BSO charts Mozart's progress
Wolfgang Amadeus Mozart's premature death and prolific output render the temptation to map a compressed version of a full life's trajectory onto his 35-year span almost irresistible. But playing to a healthy Valentine's Day crowd the Boston Symphony Orchestra, in the second of this month's three all-Mozart programs under music director James Levine, made a case for accelerated biography, performing four symphonies - composed within 16 months - that nonetheless left the composer far from where he started.
In the first three symphonies, all dating from the summer of 1772, Mozart seems to noticeably evolve: One could even track individual musical ideas transforming from facile to functional. The Andante of the E-flat major Symphony No. 19 (K. 132) cadences with non sequitur triplets - decorative divisions of the beat into three rather than two parts - neither foreshadowed nor integrated. At the other extreme, the D-major Symphony No. 20 (K. 133) almost indiscriminately saturates both its slow movement and its finale with such three-note figures. But in the A-major Symphony No. 21 (K. 134), the Minuet's unobtrusive shifts between double and triple rhythmic arithmetic expertly vary and extend the four-bar phrases.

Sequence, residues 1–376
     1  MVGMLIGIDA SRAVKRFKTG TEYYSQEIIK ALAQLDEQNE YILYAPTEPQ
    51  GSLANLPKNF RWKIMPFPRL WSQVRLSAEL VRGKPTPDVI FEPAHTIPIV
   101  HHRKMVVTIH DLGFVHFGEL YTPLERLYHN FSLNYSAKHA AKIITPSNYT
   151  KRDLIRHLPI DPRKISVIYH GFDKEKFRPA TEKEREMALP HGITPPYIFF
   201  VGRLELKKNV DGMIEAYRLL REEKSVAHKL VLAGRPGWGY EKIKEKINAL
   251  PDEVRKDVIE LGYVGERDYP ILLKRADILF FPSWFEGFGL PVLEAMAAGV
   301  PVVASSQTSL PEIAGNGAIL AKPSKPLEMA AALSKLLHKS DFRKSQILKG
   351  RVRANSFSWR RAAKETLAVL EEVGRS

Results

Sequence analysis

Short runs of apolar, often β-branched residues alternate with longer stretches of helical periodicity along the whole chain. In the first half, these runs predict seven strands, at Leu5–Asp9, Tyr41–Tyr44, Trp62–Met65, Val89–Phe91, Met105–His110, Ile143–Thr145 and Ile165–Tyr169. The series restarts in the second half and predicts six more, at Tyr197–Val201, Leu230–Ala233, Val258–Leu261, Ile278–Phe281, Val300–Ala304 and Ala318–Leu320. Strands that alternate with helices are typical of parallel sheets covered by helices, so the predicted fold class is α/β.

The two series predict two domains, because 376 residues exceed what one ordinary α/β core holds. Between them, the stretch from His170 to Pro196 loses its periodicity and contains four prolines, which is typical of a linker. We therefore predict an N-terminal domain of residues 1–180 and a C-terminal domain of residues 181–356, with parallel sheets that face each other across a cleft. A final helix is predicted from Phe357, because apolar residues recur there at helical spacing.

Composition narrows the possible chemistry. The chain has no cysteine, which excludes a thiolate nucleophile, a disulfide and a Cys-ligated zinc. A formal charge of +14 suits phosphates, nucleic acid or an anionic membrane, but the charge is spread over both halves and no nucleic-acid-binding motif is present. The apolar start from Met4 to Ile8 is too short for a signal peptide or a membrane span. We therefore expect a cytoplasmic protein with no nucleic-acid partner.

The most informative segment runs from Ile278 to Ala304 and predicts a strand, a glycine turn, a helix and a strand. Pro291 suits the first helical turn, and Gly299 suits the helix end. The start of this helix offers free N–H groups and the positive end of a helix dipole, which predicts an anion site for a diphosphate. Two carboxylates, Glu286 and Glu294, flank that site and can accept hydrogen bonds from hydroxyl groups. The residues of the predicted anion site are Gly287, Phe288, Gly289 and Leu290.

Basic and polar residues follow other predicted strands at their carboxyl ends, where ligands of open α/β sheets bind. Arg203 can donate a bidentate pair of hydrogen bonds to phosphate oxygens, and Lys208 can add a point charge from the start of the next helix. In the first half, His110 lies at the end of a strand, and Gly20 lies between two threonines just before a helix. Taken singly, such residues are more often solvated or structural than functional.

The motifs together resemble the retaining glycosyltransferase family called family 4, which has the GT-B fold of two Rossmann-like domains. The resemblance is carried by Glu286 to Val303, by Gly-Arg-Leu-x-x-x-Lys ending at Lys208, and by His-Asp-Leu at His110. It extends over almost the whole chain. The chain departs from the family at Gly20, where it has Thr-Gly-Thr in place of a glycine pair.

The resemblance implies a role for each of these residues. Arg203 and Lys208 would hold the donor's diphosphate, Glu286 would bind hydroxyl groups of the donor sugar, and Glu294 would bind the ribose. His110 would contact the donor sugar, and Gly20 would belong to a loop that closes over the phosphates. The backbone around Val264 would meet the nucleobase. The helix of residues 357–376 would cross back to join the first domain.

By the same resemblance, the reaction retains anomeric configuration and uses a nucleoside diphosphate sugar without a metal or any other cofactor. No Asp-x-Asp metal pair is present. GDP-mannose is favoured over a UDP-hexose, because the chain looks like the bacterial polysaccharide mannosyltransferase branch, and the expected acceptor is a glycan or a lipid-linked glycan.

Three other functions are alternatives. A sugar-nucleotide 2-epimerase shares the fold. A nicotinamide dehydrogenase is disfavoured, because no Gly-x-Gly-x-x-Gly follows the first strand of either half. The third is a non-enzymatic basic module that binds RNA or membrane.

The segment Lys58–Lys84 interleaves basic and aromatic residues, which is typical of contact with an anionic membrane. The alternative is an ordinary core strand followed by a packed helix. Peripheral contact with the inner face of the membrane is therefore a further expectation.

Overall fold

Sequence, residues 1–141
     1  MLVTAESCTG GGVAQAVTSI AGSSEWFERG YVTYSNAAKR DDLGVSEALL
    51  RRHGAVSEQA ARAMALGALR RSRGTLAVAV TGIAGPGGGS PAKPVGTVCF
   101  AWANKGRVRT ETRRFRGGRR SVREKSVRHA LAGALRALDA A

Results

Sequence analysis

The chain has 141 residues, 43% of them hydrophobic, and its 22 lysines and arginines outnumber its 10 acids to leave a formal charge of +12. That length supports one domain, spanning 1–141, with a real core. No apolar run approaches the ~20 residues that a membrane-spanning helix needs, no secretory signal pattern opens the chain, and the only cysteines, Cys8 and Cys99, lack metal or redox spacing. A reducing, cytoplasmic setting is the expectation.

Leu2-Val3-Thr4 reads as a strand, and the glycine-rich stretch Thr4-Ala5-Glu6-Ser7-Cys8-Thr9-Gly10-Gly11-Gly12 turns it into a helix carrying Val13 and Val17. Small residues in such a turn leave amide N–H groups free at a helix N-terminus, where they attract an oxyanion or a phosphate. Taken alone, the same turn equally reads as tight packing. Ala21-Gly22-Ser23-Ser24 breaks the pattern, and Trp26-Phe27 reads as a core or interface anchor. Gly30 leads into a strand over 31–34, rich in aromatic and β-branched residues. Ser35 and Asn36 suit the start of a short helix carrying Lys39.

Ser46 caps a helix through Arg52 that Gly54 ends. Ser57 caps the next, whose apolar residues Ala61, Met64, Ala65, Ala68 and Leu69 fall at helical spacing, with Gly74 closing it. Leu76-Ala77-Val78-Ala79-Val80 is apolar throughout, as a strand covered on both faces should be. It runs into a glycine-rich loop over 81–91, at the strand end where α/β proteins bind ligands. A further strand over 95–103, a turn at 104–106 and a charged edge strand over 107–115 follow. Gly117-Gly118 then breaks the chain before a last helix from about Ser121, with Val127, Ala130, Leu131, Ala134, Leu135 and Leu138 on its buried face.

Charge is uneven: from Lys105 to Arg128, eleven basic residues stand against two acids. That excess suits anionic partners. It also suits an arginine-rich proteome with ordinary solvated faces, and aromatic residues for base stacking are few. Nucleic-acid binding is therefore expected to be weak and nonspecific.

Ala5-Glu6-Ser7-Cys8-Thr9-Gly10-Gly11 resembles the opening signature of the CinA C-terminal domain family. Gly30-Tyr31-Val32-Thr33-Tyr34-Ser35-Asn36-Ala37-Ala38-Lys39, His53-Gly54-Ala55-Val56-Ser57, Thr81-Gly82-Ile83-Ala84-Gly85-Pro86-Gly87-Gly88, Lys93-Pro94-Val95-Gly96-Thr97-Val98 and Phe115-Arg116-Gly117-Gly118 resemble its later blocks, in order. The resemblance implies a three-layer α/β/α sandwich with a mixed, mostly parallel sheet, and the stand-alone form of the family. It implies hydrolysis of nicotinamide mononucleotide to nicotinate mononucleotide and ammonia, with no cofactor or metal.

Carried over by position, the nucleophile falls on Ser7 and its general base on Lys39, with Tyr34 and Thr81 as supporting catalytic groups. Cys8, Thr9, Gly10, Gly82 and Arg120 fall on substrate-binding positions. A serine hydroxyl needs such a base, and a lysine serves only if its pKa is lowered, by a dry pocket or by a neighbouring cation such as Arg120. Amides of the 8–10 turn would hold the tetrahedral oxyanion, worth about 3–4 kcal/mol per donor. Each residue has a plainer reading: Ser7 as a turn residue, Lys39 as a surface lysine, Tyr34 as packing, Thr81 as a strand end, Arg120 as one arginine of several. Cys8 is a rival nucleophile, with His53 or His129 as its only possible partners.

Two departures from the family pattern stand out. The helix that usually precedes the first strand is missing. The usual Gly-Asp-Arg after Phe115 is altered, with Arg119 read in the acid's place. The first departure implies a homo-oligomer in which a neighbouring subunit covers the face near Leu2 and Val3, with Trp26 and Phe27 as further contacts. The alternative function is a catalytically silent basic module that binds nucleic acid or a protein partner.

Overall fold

The performances seemed to chart a similar path from brashness to maturity. No. 19 was heavily marked, even a little raw, with weighty, forceful bowing from the reduced string complement and high-contrast dynamic juxtapositions. In No. 20, forward momentum increased as accents hit with more point and less impact; No. 21 featured more legato bowing, more transparent layering, more gradations of volume. Still, all were interpretively lean, light on rubato, and true to Mozart's terraced dynamics, stacked blocks of loud and soft.
If the summer of 1772 showed a steady advance, the Symphony No. 25 in G minor (K. 183), from the fall of 1773, sounds like a giant leap. Inspired by the high-drama "Sturm und Drang" fad, Mozart works a grander canvas, both the minor modality and a bassoon-augmented wind section providing heft and depth. The orchestra's performance took on added, proto-Romantic dimensions in response: Dynamic shifts surged instead of stepped, phrases showed more shape and flexibility. Where, in the concert's first half, Levine was primarily concerned with drawing energy and vigor from the group, here the goal was fluency of detail. The sense of the 17-year-old Mozart stepping out as a mature composer was palpable. It's almost like he knew he was pressed for time.